Further Comments on Pain Protocol

Dr. Gentile responded to a few listener questions below:

HOW  DIPHENHYDRAMINE ENTERED PROTOCOL

when i first started using “high”  dose opiates for the most severe patients about one third of them experienced nausea and or vomiting. Sometimes the guy in bed 2 vomits, then after /during mop up the girl in bed 3 vomits, the woman in 5 is here for asthma she is offended by  the smell and she vomits too. i was not popular with housekeeping but i was much appreciated by those who received the opiates. i asked some of the worst vomiters if the vomiting was worse than the pain. Every single one said the vomiting was no problem ,and they felt better vomiting than they did in pain. Some even vomited while they were answering the question.

The next leap was giving IV antiemetic prophylactically, with the first dose of morphine. i initially felt some trepidation giving anti-emetic when 2/3 of patients probably would not benefit from the drug. Then i remembered demerol and phenergan had been given together for ages. i felt validated by this precedent and forged ahead.  it worked great and the vomiting/mopping cycle stopped. Housekeepers stopped giving me the stink-eye.

My favorite anti-emetic was compazine. There were a few dystonic reactions and some akisthesia but overall it was a success.

Compazine was unavailable for a few years and i switched to droperidol. The droperidol gave a lot less dystonia and less akisthesia, so that too was progress. Hundreds of happy doses of droperidol and no problems. It was a useful adjunct for analgesia,

Droperidol was great for nausea and vomiting without pain. Many of the vomiting patients reaped the benefit of central dopamine antagonism as well  [Some people with abdominal pain are crazy ]. What a great drug. Droperidol got black boxed. Once again the interests of the suffering masses were sacrificed to the interests of big pharm. The instrument of destruction was our FDA, an organization that is supposed to protect people from big pharm. I started looking for other options.

A haldol overdose came in one day and i was reading about butyrophenone overdose and discovered the butyrophenones [haldol, droperidol] have antihistamine side effects. That’s when i had the insight that histamine was the real culprit causing the the vomiting.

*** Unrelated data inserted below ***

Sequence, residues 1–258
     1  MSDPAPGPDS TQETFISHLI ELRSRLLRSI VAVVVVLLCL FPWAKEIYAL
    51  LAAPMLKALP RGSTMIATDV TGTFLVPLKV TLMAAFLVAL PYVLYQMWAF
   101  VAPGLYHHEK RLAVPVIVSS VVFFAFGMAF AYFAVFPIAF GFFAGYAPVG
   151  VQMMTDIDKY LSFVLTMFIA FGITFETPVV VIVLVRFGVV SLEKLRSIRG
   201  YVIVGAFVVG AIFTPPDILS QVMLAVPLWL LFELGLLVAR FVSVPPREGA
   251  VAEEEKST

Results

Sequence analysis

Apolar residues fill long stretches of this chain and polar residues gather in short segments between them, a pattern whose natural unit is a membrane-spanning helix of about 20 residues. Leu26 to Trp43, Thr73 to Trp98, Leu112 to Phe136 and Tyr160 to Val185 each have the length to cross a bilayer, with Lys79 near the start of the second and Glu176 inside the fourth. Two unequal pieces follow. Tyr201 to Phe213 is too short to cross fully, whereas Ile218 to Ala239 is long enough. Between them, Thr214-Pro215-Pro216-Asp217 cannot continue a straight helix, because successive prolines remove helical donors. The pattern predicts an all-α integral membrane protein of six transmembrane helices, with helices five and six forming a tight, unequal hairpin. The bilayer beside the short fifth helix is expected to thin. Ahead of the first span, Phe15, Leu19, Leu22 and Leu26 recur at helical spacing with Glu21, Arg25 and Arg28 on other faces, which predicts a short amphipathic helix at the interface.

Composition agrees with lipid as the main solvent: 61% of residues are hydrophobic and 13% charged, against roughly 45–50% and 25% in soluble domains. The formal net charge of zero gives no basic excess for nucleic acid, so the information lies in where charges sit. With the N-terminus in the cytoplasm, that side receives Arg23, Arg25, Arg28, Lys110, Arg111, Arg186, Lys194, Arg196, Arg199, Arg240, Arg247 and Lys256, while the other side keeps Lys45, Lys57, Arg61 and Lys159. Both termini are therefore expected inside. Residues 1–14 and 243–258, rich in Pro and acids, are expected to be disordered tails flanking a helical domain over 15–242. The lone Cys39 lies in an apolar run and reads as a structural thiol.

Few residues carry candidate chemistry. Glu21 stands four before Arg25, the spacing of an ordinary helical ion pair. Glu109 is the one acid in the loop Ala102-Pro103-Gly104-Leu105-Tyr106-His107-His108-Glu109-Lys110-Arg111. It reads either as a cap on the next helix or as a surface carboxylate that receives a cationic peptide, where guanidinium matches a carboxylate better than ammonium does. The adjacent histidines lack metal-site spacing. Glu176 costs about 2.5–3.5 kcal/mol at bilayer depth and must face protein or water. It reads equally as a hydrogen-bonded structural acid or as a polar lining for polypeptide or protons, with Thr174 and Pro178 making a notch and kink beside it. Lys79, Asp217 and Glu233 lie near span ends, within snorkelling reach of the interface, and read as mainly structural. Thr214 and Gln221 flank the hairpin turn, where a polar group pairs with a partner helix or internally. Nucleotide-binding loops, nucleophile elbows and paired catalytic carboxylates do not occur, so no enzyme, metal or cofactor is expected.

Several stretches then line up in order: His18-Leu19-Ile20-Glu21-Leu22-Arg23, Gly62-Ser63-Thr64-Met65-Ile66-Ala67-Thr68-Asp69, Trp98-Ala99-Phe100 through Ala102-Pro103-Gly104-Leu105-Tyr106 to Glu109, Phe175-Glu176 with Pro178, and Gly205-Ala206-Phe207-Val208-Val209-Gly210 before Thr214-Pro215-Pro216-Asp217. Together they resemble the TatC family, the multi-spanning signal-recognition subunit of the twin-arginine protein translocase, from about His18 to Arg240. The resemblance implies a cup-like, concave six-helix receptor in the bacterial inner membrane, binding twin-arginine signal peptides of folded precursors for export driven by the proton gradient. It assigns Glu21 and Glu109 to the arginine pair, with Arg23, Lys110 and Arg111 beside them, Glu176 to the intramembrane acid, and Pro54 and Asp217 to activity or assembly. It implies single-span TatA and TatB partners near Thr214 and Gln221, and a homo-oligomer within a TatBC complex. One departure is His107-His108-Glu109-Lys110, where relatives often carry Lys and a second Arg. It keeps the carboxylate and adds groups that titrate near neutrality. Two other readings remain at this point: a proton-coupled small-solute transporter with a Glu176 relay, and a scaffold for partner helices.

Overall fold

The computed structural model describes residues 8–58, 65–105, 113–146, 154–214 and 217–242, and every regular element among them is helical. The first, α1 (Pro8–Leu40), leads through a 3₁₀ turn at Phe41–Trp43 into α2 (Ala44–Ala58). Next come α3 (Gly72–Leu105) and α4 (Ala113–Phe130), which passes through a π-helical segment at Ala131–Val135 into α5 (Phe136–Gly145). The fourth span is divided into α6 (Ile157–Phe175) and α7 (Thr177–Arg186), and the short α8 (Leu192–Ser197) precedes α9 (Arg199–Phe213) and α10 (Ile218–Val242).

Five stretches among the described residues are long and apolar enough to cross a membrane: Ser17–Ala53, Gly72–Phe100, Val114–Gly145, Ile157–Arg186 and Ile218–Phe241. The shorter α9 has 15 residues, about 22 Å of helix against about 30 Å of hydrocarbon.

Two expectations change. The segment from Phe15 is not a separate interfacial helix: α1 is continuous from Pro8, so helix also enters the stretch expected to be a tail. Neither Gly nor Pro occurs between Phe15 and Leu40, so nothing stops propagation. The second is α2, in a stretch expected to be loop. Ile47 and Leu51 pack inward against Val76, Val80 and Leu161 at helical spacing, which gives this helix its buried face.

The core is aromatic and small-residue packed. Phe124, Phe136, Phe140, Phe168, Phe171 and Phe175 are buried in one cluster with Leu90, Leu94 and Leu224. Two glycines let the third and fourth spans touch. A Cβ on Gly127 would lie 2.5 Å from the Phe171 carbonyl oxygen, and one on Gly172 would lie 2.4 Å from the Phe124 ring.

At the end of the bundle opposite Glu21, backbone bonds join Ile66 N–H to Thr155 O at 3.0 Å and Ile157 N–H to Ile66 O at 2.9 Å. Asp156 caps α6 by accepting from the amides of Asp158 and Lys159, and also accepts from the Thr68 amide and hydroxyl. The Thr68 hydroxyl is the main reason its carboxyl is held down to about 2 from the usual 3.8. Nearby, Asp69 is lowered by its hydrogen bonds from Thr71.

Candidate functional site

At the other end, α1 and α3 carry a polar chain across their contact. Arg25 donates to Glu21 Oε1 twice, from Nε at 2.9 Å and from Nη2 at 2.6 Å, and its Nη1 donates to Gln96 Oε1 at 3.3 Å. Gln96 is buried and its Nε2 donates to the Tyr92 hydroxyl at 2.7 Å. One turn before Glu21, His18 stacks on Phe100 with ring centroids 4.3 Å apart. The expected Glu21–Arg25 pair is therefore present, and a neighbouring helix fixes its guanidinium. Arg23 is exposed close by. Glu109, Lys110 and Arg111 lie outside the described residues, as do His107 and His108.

Histamine causes an itchy feeling when the opiate goes into the vein, histamine causes hypotension, histamine causes nausea and vomiting. Do all anti-emetic drugs have anti histamine “side-effects”.  Compazine yes reglan yes droperidol yes tigan yes phenergan yes. Zofran [i’m not sure]. I would call this more than an interesting coincidence. The antihistamine side effect of anti-emetic drugs might be the mechanism of action, not really a side -effect at all.

Have you seen an orthopedic injury that hurts so bad the patient vomits? Do endogenous opiates cause histamine release?

Many ER patients have abdominal pain and vomiting; most of the time the pain protocol gets rid of both the pain and the vomiting.  Not true with small bowel  obstructions but most of the time additional “anti-emetic” is not needed.

so diphenhydramine went into the protocol; and life is very good. i got a little sad that patients receiving state of the art acute analgesia were getting admitted to the hospital and taking the elevator to 1960. i thought it might be nice if admitted pain protocol patients got a PCA pump automatically. i started reading about PCA pump protocols and most of them use diphenhydramine and morphine. The PCA literature validates what i “discovered”. The anesthesiologist/oncologists that developed PCA have known that diphenhydramine is useful for a long time.

Diphenhydramine at .5 mg/kg does not make old or young people too sleepy. Some people on the protocol go to sleep. Some of the patients are tired. If i was awake at home for three days with a broken hip, i would go to sleep the moment someone took the edge off my pain. Some of the patients are bored to sleep. If i was in the ER gurney without a book what are my options [read “patient rights and responsibilities” again, watch my heart rhythm, or sleep.] Sleep is not a little dead. Sleep is good.

i do not have references to support my statements about hypotension. Only my subjective observations that there have been a lot less of this conversation at work since we started using diphenhydramine.

aren’t you tired of this conversation.

nurse———–“the blood pressure is down in clinic 7 bed”

doctor—–“give em 500 normal saline stat”

10 minutes later

nurse——“the pressure is back up”

doctor—-“good”

was the patient in bed 7 sick? did they get better? was their life saved or even subtly improved by a transient change in a measurement they can not feel?

i agree that a blood pressure of zero is usually bad, but if my blood pressure drops 10% i am not 10% dead. The culture around blood pressure measurements and reactions/over reactions in the E.R. is irrational.

The less time spent on this futile ritual the better. i am sure there has been less of this since diphenhydramine was included. i did not count it or study it. i just noticed it like i notice the weather is usually sunny on my way to work. It’s true. if you like sun move to southern california.

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